- The Bathroom Situation: If you’re THAT kind of person, this is not going to make you happy. You know what I mean – the ones who cringe at the thought of using a port-o-potty and would never squat in the woods. The bathrooms are as clean as they can be and usually have running water in the toilet but not necessarily the sink. Bring hand sanitizer. Bring toilet paper or Kleenex and you will NOT put it in the toilet but in the trash can. I know that freaks people out but don’t clog up Cuba’s plumbing, they have enough problems. Bring peso coins because I didn’t see one bathroom during this trip that didn’t have a little old lady manning the door and they deserve your pesos. One bathroom I used, the lady had to go in after every person and stick her hand in the tank to lift up the flapper to make it flush. Every. Time. I saw a guy offer a pen instead of a peso and I was like, really dude? I handed her a pack of tampons for the guy because I heard they were hard (or impossible) to come by. Not useful for her but maybe a family member or to sell. She and her friend looked confused and another round of What Are We Saying ensued as she mimed placing one under her arm and I pointed out the correct area and we all laughed. I left a box in every bathroom I visited. I’m the Tampon Queen of Havana now I think. Often, the ladies have a small portion of toilet paper to give out so you may get lucky if you forget the Kleenex. I also don’t think I saw one toilet with a toilet seat so practice your hover technique. If you go shopping in the market a few blocks from the cruise ship terminal, those are the best I saw and even had small bars of soap next to the sink. But always remember to bring the pesos, please.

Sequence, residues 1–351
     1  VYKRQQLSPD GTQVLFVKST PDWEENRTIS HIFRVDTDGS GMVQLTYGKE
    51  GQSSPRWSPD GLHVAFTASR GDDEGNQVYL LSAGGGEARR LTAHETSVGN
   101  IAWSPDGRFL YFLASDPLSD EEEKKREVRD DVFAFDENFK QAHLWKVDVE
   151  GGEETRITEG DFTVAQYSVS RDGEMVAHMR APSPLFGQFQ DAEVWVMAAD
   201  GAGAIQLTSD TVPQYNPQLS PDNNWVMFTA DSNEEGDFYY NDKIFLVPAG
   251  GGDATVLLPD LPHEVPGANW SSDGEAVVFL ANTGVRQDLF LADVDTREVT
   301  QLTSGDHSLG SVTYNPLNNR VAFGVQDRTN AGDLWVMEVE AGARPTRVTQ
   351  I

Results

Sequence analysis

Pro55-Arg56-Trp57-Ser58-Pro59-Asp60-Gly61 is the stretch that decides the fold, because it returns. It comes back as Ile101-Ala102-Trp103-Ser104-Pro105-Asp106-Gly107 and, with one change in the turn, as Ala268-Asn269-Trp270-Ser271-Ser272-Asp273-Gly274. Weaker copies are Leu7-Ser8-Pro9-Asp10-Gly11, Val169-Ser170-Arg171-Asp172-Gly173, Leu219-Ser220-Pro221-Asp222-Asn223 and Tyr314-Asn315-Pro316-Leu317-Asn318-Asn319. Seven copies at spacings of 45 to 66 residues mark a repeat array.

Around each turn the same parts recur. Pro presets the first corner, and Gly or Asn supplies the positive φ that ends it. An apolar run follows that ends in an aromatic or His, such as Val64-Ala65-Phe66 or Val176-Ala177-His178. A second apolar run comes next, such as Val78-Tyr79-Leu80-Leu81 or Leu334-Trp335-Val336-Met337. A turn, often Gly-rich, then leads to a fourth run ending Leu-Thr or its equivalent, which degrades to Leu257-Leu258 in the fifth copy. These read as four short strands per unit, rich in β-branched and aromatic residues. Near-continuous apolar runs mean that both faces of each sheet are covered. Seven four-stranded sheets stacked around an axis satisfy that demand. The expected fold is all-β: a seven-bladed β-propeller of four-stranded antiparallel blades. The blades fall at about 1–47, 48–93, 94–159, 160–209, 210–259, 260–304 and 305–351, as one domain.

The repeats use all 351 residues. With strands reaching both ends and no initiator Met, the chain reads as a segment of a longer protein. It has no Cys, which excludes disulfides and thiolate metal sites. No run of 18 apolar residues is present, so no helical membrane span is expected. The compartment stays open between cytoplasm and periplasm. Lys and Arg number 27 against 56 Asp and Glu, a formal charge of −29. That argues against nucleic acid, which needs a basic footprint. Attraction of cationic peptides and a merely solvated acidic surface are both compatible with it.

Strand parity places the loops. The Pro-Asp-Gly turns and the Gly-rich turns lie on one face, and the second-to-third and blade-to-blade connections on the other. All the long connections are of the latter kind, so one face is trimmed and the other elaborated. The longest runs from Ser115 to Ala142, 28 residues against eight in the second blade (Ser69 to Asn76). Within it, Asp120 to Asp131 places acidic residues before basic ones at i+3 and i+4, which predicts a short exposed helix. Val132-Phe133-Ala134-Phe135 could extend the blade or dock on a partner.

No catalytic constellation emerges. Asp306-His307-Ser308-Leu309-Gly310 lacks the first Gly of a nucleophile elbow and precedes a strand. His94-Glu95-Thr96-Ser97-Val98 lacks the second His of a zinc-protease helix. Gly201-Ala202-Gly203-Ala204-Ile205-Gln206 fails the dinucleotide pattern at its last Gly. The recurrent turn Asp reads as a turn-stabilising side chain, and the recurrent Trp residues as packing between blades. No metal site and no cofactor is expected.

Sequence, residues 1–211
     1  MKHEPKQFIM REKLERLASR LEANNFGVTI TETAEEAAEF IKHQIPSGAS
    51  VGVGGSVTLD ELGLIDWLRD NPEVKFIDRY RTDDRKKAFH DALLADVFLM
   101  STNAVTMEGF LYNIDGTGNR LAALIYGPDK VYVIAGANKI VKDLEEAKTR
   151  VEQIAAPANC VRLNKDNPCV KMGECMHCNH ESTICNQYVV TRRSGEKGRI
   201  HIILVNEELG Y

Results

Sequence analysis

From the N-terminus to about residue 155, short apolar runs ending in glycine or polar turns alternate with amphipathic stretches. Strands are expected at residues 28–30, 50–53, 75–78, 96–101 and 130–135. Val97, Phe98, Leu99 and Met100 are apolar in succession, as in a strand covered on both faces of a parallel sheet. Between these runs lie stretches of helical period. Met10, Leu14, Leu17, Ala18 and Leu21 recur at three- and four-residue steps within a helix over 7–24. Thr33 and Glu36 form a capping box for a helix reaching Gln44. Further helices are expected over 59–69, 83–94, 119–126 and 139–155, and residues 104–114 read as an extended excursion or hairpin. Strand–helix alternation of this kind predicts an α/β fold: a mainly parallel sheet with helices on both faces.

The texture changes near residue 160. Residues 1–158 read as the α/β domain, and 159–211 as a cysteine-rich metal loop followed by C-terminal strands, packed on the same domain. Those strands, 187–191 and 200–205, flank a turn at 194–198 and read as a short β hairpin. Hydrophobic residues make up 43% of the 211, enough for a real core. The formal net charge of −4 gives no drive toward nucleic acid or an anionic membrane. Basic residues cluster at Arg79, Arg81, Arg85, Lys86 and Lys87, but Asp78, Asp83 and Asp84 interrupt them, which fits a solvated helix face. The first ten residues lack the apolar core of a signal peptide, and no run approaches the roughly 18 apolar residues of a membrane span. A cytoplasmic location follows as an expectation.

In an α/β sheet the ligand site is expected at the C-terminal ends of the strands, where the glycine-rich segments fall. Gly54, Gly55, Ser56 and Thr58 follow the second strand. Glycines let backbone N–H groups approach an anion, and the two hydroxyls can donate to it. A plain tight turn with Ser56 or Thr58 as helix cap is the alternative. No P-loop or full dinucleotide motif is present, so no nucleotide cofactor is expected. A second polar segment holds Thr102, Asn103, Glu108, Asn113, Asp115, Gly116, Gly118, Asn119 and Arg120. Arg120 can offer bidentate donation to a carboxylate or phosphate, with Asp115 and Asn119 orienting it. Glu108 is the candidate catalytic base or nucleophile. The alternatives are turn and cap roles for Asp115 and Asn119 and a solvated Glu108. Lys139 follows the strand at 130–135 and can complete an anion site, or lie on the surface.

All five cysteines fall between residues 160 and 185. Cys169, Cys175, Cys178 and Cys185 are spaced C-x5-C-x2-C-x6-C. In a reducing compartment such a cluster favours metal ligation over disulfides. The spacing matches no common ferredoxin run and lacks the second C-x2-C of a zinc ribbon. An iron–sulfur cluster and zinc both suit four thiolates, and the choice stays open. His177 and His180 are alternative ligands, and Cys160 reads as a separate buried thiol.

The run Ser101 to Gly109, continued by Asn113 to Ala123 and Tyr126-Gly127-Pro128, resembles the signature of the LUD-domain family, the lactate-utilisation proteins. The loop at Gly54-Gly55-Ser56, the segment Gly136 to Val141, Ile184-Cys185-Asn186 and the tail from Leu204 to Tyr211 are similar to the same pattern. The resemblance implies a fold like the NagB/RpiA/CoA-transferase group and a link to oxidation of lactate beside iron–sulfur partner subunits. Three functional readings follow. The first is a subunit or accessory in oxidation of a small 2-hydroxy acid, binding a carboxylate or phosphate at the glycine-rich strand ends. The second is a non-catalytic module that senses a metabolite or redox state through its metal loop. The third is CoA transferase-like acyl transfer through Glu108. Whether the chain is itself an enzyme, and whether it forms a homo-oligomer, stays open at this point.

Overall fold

- Check Out the Grafitti: There is some amazing street art out there. This is relatively new to have graffiti touching on social issues and for the most part, it is being tolerated by authorities. Google “Cuban graffiti” for very interesting articles on some artists and their work. Street art is one of the things I’m always taking pictures of when I travel and Havana has some of the best.